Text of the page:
Sunday, December 5, 2010

As Bullies Go Digital, Parents Play Catch-Up


NYTimes

Ninth grade was supposed to be a fresh start for Marie’s son: new school, new children. Yet by last October, he had become withdrawn. Marie prodded. And prodded again. Finally, he told her.

The kids say I’m saying all these nasty things about them on Facebook,” he said. “They don’t believe me when I tell them I’m not on Facebook.”

But apparently, he was.

Marie, a medical technologist and single mother who lives in Newburyport, Mass., searched Facebook. There she found what seemed to be her son’s page: his name, a photo of him grinning while running — and, on his public wall, sneering comments about teenagers he scarcely knew.

Someone had forged his identity online and was bullying others in his name. [...]

In Pakistan, Christianity Earns a Death Sentence


Time

It all began a year and a half ago, with a quarrel over a bowl of water. A group of women farm workers were suffering in the heat near a village in Pakistans Punjab province. Aasia Noreen, an illiterate 45-year-old mother five, offered them water, but was rebuffed. Noreen was a Christian, they said, and therefore her water was unclean — sadly, a common taunt hurled at Pakistan's beleaguered Christians. But rather than swallowing the indignity, she mounted a stout defense of her faith.

Word of the exchange swiftly filtered through the village of Ittan Wali, in Sheikhupura district. The local mullah took to his mosque's loudspeakers, exhorting his followers to take action against Noreen. In a depressingly familiar pattern, her defense of her faith was twisted into an accusation of blasphemy, according to her family and legal observers familiar with the case. As a frenzied mob pursued her, the police intervened, taking her into custody. But far from protecting her, they arrested and charged Noreen with insulting Islam and its prophet. And on Nov. 8, after enduring 18 months in prison, she was sentenced to death by a district court, making her the first woman to suffer that fate. [...]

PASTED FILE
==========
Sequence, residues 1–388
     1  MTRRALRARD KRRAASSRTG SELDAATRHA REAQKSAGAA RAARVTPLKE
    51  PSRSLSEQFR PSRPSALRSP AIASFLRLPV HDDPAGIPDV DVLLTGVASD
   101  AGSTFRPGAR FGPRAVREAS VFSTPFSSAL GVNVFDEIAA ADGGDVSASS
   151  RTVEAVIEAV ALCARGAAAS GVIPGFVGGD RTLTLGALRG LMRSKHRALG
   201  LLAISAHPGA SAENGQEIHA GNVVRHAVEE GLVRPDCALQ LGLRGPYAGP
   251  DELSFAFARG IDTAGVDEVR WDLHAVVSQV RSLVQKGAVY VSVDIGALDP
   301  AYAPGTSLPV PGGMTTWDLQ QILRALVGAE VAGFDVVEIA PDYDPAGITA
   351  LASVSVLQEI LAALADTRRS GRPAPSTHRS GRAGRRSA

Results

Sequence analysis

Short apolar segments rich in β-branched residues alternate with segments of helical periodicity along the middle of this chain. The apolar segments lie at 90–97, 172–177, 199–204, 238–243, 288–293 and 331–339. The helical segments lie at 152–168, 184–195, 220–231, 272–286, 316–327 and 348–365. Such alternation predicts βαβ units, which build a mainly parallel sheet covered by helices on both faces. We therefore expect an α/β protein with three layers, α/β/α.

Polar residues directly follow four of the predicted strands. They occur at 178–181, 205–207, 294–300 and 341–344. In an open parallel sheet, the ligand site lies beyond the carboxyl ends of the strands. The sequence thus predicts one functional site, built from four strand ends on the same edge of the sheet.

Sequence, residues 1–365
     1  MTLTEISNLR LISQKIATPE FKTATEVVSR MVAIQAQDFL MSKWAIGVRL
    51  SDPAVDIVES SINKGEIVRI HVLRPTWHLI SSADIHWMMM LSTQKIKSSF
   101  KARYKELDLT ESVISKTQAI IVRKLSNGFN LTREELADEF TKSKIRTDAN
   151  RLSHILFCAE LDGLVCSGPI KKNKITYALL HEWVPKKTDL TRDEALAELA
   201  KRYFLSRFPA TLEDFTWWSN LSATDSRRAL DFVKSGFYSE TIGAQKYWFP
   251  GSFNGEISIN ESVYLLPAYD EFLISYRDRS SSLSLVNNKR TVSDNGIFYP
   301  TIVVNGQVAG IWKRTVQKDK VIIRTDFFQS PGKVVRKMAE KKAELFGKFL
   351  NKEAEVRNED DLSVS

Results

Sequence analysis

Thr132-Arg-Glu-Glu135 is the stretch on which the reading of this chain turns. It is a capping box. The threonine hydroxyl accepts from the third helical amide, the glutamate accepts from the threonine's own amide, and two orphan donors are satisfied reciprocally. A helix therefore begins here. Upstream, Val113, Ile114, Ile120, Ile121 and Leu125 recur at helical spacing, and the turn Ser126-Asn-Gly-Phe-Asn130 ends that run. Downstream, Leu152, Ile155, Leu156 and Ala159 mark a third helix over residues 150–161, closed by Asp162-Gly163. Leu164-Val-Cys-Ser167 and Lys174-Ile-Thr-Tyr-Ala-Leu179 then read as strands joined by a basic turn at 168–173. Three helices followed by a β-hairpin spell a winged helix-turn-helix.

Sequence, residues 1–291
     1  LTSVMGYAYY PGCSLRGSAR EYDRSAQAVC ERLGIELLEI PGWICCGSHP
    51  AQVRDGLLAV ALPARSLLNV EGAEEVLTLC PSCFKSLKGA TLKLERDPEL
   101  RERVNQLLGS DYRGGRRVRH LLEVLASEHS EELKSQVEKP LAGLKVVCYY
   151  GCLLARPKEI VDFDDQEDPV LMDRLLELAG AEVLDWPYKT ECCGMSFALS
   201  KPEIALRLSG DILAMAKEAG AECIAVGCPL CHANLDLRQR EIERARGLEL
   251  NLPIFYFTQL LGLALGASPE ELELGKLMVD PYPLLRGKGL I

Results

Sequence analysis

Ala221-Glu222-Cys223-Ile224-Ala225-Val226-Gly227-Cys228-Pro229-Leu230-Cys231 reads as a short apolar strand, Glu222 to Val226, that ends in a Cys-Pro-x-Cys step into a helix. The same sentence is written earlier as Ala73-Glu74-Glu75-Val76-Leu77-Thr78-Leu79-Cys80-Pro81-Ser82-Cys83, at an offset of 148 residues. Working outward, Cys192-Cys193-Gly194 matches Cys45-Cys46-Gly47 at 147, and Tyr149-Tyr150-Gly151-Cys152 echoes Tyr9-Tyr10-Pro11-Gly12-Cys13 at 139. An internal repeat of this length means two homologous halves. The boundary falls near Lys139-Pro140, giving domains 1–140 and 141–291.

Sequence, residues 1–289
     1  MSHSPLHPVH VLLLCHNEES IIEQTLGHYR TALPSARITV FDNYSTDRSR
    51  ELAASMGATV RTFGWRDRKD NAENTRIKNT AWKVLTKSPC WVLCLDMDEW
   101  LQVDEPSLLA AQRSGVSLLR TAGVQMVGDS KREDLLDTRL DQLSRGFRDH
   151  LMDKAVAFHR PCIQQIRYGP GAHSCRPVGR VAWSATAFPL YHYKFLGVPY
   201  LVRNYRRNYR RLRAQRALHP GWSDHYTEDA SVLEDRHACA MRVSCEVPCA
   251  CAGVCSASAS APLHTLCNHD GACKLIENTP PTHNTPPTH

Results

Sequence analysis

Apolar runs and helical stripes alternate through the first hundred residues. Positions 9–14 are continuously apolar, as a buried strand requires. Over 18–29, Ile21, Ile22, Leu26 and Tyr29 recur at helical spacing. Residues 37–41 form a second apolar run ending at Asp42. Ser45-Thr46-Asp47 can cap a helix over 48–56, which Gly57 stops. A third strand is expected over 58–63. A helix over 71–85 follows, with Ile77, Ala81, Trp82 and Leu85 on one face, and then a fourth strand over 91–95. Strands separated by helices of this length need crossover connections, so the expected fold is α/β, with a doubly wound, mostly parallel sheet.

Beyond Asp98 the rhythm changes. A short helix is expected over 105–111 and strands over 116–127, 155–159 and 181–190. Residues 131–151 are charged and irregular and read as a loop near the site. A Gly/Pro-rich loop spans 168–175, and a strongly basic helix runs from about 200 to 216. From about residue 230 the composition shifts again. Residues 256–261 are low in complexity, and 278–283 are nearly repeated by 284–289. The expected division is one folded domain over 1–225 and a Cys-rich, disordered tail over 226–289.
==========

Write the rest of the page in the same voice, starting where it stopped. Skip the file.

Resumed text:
Friday, December 3, 2010

Israel Struggles to Quell Forest Fire


NYTimes

Israel was still struggling on Friday to control a fire raging in a rain-starved forest in northern Israel that has left at least 41 people dead, caused the evacuation of thousands of residents, destroyed some kibbutz houses and prompted the government to call for urgent international aid in fighting the blaze.

A spokesman for the fire service in the area, Hezi Levy, said the fire, which broke out on Thursday morning, was the biggest and deadliest in Israel’s history.

The scale of the crisis forced Israel, which prides itself on being one of the world’s most nimble and generous countries in disaster relief, into the unusual position of petitioner. Early on Friday, a plane from Greece carrying personnel and equipment and a Bulgarian plane with about 100 firefighters landed at an air force base in the north of the country. [...]